Trail 12 - Rolling Dip/Soil Erosion Structure

Over the last several years, the BLM has worked to improve SxS recreation in the area with enhanced trail signing, trail improvements, and installation and/or maintenance of soil erosion structures.

Trail 12 - This Trail Climbs 2K ft. to the Ridge 

Those efforts to enhance legal SxS routes have resulted in many trails that now provide looped touring opportunities with varying degrees of challenge and scenic views.

Signing to Inform Public about Private Property

QWR encourages SxS users to consider a trip up the Chappie-Shasta OHV Area if you are looking for new trail adventures.  The unit has a very cool staging/camping area at the base of Shasta Dam.  Make sure you have current registration for any vehicles when you cross the dam.  The guards will check for a valid driver’s license and current registration.

You can also access the Copley Mountain OHV Staging area via the Iron Mountain Road from Highway 299 about 1 mile west of the Redding city limits.

Copley Mountain Staging Area - Start of Trail 4

QWR wants to commend the agency for their continued commitment to excellence and urges other federal and state land agencies to be sure and review their trail programs to assess if SxS recreation can be included on the unit.

Wednesday, March 29, 2017

Be an OHV Champion and Comment on CA OHV Grant Process by April 3 Deadline

Stop and Make a Grant Comment

QWR is committed to the collaborative process as a strategy to bring land agency staff and the trail-based recreation community together with a common goal of both protecting resources and providing a high-quality outdoor experience.

In CA and other states with an OHV grant program, part of that collaboration is weighing in with comments on agency grant proposals.

The public review and comment period for the CA OHV 2016/17 Grants and Cooperative Agreements Program ends at 5:00pm (Pacific Standard Time) on Monday, April 3, 2017. Agency staff have worked hard to prepare these grant submissions and now it is our turn to comment on the various grant proposals before the April 3 deadline. 

Don’t feel you have to comment on every grant.  Just focus on the areas where you recreate.  Also, don’t forget to comment on any LE or Sheriff grants that are submitted.  LE is an important part of managed OHV recreation in the 21st Century.   In addition there are non-profit applicants that submit grants… feel free to comment on those.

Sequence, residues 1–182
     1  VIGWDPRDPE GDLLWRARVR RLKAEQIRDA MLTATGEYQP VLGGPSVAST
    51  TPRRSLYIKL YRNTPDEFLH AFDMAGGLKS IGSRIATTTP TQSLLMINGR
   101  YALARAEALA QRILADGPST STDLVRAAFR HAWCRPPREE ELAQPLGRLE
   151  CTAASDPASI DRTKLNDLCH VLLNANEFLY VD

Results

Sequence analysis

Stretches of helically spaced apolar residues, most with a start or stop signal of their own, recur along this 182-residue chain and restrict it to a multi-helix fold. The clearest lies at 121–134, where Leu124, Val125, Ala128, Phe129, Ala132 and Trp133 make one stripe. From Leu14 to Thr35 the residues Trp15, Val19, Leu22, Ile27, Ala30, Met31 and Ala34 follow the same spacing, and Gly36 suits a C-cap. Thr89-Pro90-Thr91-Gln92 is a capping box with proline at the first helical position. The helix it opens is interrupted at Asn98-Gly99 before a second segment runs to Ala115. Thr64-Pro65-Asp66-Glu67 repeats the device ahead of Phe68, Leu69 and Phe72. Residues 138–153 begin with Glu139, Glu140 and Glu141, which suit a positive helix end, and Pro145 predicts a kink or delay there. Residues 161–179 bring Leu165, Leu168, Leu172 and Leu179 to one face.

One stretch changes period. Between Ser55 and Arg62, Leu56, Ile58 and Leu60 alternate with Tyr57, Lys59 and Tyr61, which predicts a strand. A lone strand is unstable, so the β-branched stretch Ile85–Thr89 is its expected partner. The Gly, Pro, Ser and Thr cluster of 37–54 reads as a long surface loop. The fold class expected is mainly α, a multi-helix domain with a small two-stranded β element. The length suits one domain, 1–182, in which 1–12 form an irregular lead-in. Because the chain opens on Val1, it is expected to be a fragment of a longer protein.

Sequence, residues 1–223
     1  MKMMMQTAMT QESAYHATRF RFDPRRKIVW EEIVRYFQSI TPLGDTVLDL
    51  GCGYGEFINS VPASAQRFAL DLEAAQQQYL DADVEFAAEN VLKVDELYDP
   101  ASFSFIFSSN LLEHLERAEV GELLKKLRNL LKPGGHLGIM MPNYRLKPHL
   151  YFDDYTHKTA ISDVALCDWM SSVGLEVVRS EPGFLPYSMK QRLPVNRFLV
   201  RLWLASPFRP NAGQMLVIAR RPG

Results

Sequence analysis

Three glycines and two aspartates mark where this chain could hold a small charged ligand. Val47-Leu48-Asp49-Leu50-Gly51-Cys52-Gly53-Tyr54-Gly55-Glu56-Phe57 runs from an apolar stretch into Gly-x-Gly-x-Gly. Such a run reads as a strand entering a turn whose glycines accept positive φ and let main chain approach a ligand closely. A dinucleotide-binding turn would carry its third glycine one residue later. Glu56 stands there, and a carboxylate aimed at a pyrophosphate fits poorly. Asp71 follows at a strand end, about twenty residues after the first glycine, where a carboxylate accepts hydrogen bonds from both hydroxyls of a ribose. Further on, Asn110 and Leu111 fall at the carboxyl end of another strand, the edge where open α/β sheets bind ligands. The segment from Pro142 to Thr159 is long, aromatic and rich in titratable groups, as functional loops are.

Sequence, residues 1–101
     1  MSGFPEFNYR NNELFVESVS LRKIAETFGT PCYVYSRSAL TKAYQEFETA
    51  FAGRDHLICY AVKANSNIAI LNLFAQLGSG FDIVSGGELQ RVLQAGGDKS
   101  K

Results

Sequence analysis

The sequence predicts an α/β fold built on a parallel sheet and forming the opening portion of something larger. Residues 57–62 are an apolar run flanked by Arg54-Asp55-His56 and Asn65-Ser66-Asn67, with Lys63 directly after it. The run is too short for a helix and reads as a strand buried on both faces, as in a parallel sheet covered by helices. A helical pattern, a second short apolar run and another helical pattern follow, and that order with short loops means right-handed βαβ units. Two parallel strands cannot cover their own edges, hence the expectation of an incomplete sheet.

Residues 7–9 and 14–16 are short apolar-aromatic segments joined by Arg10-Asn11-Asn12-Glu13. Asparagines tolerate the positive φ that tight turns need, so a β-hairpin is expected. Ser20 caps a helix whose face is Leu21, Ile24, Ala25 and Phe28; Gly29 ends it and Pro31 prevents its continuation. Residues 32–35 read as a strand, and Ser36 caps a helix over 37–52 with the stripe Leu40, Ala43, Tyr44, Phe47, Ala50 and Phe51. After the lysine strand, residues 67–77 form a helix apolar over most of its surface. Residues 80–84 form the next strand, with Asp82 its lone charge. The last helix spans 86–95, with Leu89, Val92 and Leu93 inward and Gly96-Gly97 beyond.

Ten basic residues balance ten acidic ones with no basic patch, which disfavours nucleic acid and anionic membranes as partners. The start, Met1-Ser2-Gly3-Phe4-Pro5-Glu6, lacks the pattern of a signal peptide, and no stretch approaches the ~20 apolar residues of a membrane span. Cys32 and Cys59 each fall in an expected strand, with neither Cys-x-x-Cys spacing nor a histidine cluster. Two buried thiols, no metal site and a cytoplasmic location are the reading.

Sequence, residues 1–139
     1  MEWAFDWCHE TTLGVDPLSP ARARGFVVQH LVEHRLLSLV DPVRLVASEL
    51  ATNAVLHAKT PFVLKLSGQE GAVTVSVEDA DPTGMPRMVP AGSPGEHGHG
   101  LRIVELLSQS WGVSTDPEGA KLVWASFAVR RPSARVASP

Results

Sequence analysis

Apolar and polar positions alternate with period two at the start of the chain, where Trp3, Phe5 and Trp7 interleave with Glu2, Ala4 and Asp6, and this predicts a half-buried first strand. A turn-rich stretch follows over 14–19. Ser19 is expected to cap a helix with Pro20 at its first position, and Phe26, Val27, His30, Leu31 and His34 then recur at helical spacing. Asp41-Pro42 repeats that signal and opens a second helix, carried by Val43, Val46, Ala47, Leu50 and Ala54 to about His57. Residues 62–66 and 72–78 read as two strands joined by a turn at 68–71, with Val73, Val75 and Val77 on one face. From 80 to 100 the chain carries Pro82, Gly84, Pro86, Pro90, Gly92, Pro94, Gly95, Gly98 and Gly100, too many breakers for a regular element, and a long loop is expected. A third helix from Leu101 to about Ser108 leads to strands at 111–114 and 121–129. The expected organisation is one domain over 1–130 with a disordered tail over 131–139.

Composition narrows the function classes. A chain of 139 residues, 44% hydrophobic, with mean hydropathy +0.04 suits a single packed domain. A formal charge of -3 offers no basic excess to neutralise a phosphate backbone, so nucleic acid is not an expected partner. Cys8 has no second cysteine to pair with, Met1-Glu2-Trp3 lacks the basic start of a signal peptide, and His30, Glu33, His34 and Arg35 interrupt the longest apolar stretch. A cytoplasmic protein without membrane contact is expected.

Follow the links and make your comments.  Show support for your favorite Ranger and the work they do by making a comment.

Many units don’t have any comments.  You can check out which units have comments at the link below.


QWR believes the quality of our trail future is directly proportional to the quality of the collaborative process/stakeholder involvement on your Forest or BLM unit.  It is time for OHVers to do their part.

Wednesday, March 1, 2017

Get Your OHV Kick on Route 66

Entrance to BLM OHV Trail on Route 66

QWR believes that trails can provide an important link to our past.  For car enthusiasts, nowhere is that statement more relevant than on a short section of Historic Route 66 that has been designated by the BLM as an OHV trail near Needles, CA.

Kiosk at BLM Route 66 Entrance

While attending the BlueRibbon Coalition/Sharetrails.org’s 30th Anniversary at the Pirate Cove Resort, Don Amador had the surprise of his life that while doing some trail recon in the area that he ended up on an old section of Route 66 that can be used by both street-legal and non-street legal OHVs.

Driving on Historic Route 66

Constructed in the 1920s, Route 66, also known as the Mother Road, stretched for about 2,400 miles from L.A to Chicago.  It is one of America’s most famous roads and has also been featured on T.V. and the big screen.  It was decommissioned in 1985 when it was largely replaced with the Interstate Highway System.

This Section of Route 66 is also BLM Trail 114

What a special treat for both young and old OHVers to be able to access this important part of Americana. 

When traveling on the trail be sure and keep your eyes open for any of the wild burros that live in the area. 

Wild Burros along Route 66

There is OHV access to this and many other BLM trails in the Needles area from Pirate Cove, a local resort that has both OHV and water-based recreational opportunities.

QWR encourages you to consider a trip to this region of California the next time you are feeling nostalgic or in the need for a great OHV adventure that includes desert scenery, wildlife viewing, great trails, and that all too important link to our past.

Wednesday, February 22, 2017

OHV Trail Lead Receives National Service Award

Roberta Pickett (L) and Don Amador (R)

OAKLEY, CA – (Feb. 22) –The world’s largest international service organization gave special recognition to a recreation professional at a ceremony in the Sierra Nevada town of Martell near Jackson, California.  On February 17, 2017, Roberta Pickett, past president of the Rotary Club of Amador Upcountry, presented Don Amador with a Paul Harris Fellow Award for his efforts to find solutions through the collaborative process with diverse interest groups and government agencies.